Investors are eager to move forward toward key goals. But many remain stymied by confusion and anxiety about the “big picture” factors — such as political wrangling in Washington, global market volatility, violence overseas and at home, economic stagnation and stubbornly low interest rates — that seem to exert powerful control over their investments and financial fortune.
We have successfully escaped going over the fiscal cliff, for instance, but more risks remain.
Today, it's the spending sequester, and after that, who knows? The brinkmanship seems to recur at a fast and furious pace.
The big issues can seem intractable, but there is much that financial advisers can do to make a meaningful difference for their clients — and also deliver fresh support to the health and success of their advisory practice.
As this year proceeds, advisers would be well-advised to shift some of their clients' focus, as well as their own, away from a difficult “big picture.” Instead, it may make sense to spend more time on the “little picture” — the many individual variables of each client's unique situation and the adviser's business that the adviser has the best opportunity to direct and influence.
Advisers who take a little-picture position are, in truth, preparing their clients to handle the big picture because they will have taken control of the controllable and maintained a disciplined approach to building and monitoring portfolios.
Here are six key little-picture themes for the rest of the year:
Trust retains its enduring value. In the wake of the financial crisis, advisers still enjoy the trust of clients, but the onus remains to re-earn that trust at every chance. In this regard, a fiduciary mindset increasingly is a critical adviser attribute.
Use communications to get clients re-engaged. Every instance of personal contact with a client can be used to encourage vital re-engagement with investment strategy and markets. Advisers should review their process for client communications: Are they sharing information often enough? Is that information relevant enough? Advisers also should review their process for meetings to assess whether they are optimizing time with clients.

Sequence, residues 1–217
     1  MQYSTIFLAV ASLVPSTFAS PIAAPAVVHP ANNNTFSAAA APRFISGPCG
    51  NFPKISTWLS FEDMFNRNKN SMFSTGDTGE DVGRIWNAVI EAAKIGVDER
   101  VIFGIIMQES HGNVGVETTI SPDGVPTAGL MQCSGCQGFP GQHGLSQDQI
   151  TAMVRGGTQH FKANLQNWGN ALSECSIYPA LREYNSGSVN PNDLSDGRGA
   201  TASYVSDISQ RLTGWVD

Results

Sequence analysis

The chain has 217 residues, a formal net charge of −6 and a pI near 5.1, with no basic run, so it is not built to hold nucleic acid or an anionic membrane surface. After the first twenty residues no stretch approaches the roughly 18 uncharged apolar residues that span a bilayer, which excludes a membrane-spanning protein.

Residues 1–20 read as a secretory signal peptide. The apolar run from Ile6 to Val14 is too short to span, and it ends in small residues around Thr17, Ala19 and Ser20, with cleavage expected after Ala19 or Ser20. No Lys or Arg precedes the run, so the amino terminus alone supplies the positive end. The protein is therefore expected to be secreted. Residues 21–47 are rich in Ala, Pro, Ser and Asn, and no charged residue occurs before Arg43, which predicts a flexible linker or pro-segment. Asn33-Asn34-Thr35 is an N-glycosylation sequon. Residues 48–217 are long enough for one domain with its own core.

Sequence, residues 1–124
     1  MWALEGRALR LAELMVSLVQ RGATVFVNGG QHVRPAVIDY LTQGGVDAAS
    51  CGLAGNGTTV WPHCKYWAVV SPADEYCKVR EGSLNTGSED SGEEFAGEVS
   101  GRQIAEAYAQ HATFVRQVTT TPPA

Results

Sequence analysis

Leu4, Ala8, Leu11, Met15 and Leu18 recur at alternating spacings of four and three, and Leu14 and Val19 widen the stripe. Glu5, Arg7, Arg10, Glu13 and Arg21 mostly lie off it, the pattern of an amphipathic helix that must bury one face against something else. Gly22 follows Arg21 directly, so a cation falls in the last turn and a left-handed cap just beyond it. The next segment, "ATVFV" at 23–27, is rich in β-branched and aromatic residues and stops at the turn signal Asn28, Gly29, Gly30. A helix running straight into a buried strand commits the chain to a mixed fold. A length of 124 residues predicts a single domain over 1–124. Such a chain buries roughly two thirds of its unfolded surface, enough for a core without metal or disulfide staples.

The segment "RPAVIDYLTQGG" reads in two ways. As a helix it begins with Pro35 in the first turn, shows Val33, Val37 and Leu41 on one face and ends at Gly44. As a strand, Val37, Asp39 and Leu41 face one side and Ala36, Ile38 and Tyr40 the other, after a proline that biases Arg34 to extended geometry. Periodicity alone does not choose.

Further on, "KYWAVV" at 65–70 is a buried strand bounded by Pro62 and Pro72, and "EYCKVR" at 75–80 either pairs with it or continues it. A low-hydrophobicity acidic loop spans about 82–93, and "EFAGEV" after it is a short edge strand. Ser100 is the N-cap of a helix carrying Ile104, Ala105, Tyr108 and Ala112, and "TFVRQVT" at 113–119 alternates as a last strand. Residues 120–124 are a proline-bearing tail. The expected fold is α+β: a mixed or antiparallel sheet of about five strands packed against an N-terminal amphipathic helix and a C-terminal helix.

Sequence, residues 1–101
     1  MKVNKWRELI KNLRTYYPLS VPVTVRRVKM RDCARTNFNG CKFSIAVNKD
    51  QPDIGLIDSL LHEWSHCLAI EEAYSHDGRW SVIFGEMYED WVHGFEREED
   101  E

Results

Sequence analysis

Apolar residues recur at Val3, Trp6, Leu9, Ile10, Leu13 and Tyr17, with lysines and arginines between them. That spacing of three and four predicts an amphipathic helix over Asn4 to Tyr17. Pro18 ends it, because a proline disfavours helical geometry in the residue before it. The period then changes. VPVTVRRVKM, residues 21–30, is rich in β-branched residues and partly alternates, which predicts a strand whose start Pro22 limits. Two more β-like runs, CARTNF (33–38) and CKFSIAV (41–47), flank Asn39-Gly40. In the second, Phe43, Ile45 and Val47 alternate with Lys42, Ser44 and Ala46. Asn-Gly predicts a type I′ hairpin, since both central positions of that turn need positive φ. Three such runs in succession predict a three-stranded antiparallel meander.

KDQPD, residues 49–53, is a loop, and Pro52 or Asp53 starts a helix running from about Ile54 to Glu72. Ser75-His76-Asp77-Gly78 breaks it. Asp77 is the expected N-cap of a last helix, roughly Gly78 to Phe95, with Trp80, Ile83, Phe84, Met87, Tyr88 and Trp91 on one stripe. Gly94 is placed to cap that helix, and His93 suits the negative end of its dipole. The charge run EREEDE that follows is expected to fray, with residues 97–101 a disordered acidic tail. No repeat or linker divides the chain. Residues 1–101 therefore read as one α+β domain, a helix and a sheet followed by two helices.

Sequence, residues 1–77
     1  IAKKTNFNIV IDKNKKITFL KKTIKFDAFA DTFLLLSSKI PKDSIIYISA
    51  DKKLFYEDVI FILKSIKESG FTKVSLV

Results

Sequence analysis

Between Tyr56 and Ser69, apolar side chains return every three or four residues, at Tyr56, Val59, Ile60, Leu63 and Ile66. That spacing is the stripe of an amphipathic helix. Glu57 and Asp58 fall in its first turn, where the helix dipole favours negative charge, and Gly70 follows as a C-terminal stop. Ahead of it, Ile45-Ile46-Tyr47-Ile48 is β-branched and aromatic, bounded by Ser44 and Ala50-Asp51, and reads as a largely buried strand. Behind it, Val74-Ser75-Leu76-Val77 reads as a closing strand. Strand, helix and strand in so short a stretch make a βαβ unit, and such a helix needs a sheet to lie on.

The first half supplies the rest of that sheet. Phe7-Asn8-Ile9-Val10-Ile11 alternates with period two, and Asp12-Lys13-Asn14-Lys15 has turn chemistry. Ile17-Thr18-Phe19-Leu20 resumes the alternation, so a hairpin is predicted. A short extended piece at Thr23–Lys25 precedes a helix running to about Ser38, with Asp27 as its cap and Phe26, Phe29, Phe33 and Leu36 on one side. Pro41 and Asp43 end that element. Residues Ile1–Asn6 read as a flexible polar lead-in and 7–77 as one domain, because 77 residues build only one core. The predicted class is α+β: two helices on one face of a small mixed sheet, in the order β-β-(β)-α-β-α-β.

Take a holistic view. According to research on advisory relationships from Cerulli Associates Inc., 70% of clients allocate assets to more than one adviser, and the advisers typically aren't aware of that fact. If an adviser doesn't know where their clients' money is invested, how can they deepen their relationship? Offering a holistic view of all assets, including those that an adviser doesn't manage, provides the opportunity to demonstrate leadership and establish a position as the lead adviser.
Diversify “harder.” In a potentially volatile market environment, tapping every viable asset class is more important than ever. Advisers should ensure that their platform offers both them and their clients the requisite access to key sectors and asset classes so there is the opportunity to reduce the overall correlation of client portfolios.
Alternatives are an emerging opportunity. Alternatives, especially the liquid variety, may offer a valuable, emerging new diversification tool. Many advisers are discovering that a portfolio approach centered on client goals is the best way to put this tool to work.
Technology integration is vital. The proliferation of portfolio and practice management technologies offers incredible efficiencies, but only if systems are complementary and integrated. A truly integrated “front, middle and back office” gives an adviser even more time and flexibility for client service and prospecting.
Consider consolidation. The trend toward consolidation represents an attractive opportunity for advisers to monetize their business. Succession-planning experts agree that it takes five to 10 years to devise and execute an effective succession plan that maximizes the value of a practice and serves clients well. Advisers shouldn't neglect the need to start planning for their own future and that of their business, even if the finish line is still years away.
Bill Crager is president of Envestnet Inc.